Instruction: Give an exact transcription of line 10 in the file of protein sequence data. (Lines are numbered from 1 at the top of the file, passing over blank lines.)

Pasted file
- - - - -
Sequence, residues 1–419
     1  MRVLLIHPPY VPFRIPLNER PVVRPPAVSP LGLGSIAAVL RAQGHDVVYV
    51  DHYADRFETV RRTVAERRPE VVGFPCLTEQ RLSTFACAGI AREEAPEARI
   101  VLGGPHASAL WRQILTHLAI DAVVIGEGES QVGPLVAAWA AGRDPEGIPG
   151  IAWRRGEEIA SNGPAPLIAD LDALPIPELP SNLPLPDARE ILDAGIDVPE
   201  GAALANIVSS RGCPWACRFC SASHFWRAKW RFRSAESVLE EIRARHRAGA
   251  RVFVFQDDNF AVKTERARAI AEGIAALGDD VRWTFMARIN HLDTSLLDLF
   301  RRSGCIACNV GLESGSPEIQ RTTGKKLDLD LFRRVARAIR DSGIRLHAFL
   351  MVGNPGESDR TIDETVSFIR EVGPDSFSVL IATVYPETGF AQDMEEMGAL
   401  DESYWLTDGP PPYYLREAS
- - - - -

   401  DESYWLTDGP PPYYLREAS